Spark: We Haven’t Linked to Cracked.com in a While

So here you go: “Orson Scott Card Wants YOU (To Rise Up Against The Gay Menace). Including such gems as

To those to of you who haven’t read Ender’s Game by Orson Scott card, warning: two spoilers follow.
Spoiler 1: Your childhood was incomplete.

and

You’ve spent your life imagining diverse races and cultures, and doing a hell of a good job. Yet your inability to imagine true love manifesting between two members of the same sex almost classifies you as retarded in my mind. It’s not even a moral issue. You’re just an idiot to me.

10 Comments

  1. Alas, I had the misfortune to hear him speak at BYU-I when I was still in school. In one sentence he managed to disparage intellectualism, feminism, and gay rights. It was a painful moment, realizing that one of the better popular artists Mormons had managed to produce was such a bigot.
    On a different note, I heard him speak again at a writer’s conference there and he’s also an arrogant bastard.

  2. damn. i’m reading ender’s game right now with my daughter and we’re enjoying it. i just have to repeat the mantra “separate the art from the artist….separate the art from the artist”….

    thanks for posting this.

  3. ya markii… I’ve got to keep that same mantra going too.
    okay, I haven’t read a whole lot of him, but I was very surprised to find how closed minded he is in real life, his fiction explores such edgy issues.

    (course, I did read Empire a bit ago… and that pretty much towed a rigidly conservative line.)

  4. I have to admit to being a huge fan of Card’s work. My full screenname, xenocideJane, comes from his Speaker for the Dead books, including Xenocide and Speaker for the Dead. Having read bits of his Alvin Maker maker series and seeing nothing but contempt for religion in general, (Christian religion in specific) in most of his stories it came as a major shock to me that he is a fundamentalist Mormon who hates gays.

    While there may not be any gay characters in his books that I can remember, I also don’t remember a whole lot of sexuality. People simply were. And people were people, whether human, Maker, Pequenino, or Formic. To find such bigotry in his real life makes me wonder how he managed to write the characters I loved so much to begin with. Did he simply need to rid his head of the vile thoughts? Is there some part of him that wishes for a better world (I still like to think so)? Or does he just know what sells and how to make a buck?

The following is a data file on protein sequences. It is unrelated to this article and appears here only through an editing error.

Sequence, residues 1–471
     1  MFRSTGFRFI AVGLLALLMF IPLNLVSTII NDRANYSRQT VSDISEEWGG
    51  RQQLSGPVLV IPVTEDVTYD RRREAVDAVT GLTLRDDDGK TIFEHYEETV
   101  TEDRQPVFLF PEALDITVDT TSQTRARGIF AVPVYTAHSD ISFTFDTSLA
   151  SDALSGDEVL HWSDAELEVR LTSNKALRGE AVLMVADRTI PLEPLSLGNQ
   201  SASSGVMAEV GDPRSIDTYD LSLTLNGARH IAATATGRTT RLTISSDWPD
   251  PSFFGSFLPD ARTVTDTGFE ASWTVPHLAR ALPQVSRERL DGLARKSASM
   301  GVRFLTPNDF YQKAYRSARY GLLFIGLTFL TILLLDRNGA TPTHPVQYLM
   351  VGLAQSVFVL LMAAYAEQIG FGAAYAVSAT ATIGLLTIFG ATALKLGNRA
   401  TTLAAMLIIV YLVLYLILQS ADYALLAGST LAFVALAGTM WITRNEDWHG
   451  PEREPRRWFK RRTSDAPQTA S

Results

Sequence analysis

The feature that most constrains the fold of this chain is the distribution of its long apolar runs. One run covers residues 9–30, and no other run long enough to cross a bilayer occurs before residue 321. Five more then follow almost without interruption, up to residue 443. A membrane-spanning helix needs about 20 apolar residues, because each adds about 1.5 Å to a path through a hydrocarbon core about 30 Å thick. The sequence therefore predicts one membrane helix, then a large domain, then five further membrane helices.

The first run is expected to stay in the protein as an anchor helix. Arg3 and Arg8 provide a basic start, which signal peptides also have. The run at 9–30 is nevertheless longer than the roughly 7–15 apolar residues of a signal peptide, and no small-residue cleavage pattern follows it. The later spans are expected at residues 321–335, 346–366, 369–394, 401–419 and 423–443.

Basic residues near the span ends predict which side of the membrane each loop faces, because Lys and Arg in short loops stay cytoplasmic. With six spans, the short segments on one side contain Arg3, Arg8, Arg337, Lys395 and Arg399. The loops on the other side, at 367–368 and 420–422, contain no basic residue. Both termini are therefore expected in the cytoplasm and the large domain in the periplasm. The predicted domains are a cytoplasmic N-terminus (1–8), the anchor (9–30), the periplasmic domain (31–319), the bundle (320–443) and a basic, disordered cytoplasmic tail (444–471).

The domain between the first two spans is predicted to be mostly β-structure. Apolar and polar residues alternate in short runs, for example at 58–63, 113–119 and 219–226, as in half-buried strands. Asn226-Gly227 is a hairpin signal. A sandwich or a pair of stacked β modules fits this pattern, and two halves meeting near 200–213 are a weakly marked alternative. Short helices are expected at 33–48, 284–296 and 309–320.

I’d be really interested to hear him reconcile the views expressed by him through the characters in his books and the views expressed by him in meat space.

    Lessie: that must’ve been quite a sentence.

    markii: just don’t tell your daughter what a horrid person the author is—let her enjoy the art as it stands until she works it out. I’m trying to come up with a valid parallel (here I shall invoke Godwin’s Law): anyone know any great Nazi artists?

    I was at a friend’s house recently and it was discussed that a public facility somewhere put up a statue of Michelangelo’s Moses but without the horns. He felt this was an attempt to erase the artist’s anti-Semitism, or the prevalent anti-Semitism of the artist’s time. (For myself, I had simply been told that they only looked like horns, they were really rays of God’s light; time had worn them down into the nubbins that survive today.)